Political-science professor Cathy Cohen had these parting words for June’s graduates: “Intellect is most powerful when it is mindful of the lives it can change.”
Institutions around the United States spent much of the past year holding forums, debates, and conferences aimed at celebrating the 50th anniversary of the Brown v. Board of Education decision, in which the United States Supreme Court unanimously struck down legal, state-sponsored segregation in public schools across the country.
The Brown decision of May 17, 1954, did not spell the end of segregation. It did not even bring about the end of segregation in public schools, as school districts openly and covertly defied the decree, necessitating what is often called the Brown II decision of May 31, 1955, when the Supreme Court instructed districts to end segregation “with all deliberate speed.” For all of its limitations, however, the Brown decision was important because it served as a formal, public marker that Jim Crow segregation, the legal system of racial segregation entrenched in the South and practiced in the North, could and would be successfully challenged.
Thus, the promise of the Brown decision was not limited to ending segregation in public schools or merely securing integration. The promise of Brown instead rested on the most democratic of aspirations—that all individuals will receive equal education, that all will receive equal opportunity, and that all will be afforded equal respect. The most radical possibilities of Brown lay in the country’s forced recognition of black people’s humanity and their full membership in the nation. As author and social critic Ralph Ellison wrote in 1954, “[T]he Court has found in our favor and recognized our human psychological complexity and citizenship and another battle of the Civil War has been won.”
Brown was but one decision. Other events in the 1950s and ’60s made the period one of the most important eras in this country’s political history. The civil-rights movement, the signing of the 1964 Civil Rights Act and the 1965 Voting Rights Act, as well as the continued mobilization of many Americans for the cause of racial equality, were thought to signal a significant turn in racial politics, bringing us closer to the fulfillment of democratic promises enshrined in the Declaration of Independence and the Constitution.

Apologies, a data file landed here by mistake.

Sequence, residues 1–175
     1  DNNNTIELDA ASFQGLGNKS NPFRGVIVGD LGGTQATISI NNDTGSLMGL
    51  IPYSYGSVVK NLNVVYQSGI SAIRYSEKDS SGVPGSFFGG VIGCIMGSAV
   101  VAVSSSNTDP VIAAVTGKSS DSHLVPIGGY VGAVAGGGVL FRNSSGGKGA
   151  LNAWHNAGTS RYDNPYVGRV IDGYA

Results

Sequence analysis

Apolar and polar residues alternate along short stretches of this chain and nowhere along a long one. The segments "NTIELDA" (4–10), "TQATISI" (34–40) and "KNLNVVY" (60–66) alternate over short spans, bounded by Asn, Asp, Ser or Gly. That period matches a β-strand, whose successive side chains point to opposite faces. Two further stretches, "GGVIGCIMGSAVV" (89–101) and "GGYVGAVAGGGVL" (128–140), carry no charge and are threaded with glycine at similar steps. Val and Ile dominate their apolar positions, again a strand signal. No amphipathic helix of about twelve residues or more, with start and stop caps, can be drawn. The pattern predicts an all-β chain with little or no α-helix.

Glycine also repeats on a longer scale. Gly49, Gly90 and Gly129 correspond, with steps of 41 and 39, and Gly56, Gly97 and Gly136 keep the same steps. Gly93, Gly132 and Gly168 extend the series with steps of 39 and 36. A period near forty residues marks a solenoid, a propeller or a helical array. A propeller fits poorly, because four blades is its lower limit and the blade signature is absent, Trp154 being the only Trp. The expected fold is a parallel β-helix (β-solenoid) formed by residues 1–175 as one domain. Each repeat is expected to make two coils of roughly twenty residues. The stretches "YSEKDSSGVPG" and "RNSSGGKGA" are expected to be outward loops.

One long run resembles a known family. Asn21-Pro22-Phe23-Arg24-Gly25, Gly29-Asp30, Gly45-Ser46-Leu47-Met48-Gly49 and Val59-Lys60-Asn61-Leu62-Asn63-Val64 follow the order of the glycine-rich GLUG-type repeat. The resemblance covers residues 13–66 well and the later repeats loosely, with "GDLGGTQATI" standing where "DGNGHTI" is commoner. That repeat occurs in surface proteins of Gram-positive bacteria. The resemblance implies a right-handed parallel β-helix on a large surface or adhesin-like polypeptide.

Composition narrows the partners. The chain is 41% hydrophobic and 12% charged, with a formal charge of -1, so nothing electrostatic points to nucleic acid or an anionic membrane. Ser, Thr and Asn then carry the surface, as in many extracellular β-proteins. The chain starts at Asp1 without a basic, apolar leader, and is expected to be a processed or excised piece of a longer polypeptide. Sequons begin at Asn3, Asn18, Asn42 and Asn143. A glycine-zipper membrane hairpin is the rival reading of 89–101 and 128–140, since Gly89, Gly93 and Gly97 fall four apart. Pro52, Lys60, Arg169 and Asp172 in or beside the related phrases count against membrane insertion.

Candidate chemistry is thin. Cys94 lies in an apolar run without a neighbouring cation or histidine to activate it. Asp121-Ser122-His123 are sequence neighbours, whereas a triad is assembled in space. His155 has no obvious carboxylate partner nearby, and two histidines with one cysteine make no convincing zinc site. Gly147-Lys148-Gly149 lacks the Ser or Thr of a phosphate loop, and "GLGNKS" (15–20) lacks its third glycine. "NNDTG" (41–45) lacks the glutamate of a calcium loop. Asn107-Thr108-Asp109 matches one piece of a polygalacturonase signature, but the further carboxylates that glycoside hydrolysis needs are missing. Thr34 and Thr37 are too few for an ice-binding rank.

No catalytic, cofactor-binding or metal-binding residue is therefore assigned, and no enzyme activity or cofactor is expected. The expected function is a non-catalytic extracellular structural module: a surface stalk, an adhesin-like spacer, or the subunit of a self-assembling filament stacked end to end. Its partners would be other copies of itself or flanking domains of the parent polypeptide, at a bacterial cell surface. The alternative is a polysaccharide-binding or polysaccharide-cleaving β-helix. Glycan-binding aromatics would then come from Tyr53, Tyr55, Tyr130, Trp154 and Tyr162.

Yet 50 years later those political victories have been met with serious challenges, questioning such policies’ relevance for today’s society. Those in and out of universities have witnessed, for example, attacks on programs such as affirmative action. Opponents of these race- and gender-specific policies have argued that 40 years into the post-segregation era, we no longer need design nor continue policies meant to address the history of legal discrimination endured by blacks and other marginalized groups for more than four centuries.
It was, of course, W. E. B. Du Bois who declared in his canonical text The Souls of Black Folk that “the problem of the Twentieth Century is the problem of the color-line.” Americans at the beginning of the 21st century have inherited a culture in which the potential of a multiracial society has not yet been met and “the problem of the color-line” remains unresolved. The racial landscape you will encounter is, thankfully, absent the most visceral components of Jim Crow. But it still harbors some of the ideas, practices, and customs that undergird state-sponsored segregation. This is not to deny or minimize the epic advances we have made in the realm of racial politics and racial justice, but to acknowledge that we also face the reality that in far too many places we still live with at least two societies, separate and unequal—disparities that directly threaten our democracy and by extension the promise of Brown.
As you no doubt learned at the University of Chicago, the facts do not, as promised, always speak for themselves. Instead they often offer contradictory evidence, providing the basis for multiple interpretations of the world. Scholars of racial politics have found evidence of just that—namely, that people from different racial and ethnic groups utilize distinct approaches to evaluating politics and progress in this country.
White Americans, the research suggests, tend to emphasize what they believe are individual characteristics when explaining the fate and behavior of themselves and others. They see an open, fair, and much-improved racial society, which they believe allows individuals to advance on their own merit. On the other hand, research shows that African Americans and other marginalized racial groups take a more group-centered approach to evaluating racial politics. They most often prioritize structural conditions and shrinking opportunities in their explanations of behaviors and attitudes. For African Americans, who routinely live with twice the unemployment rate of white Americans, who continuously confront residential segregation and consequently less-than-adequate public schools, the issue is not merit but opportunity.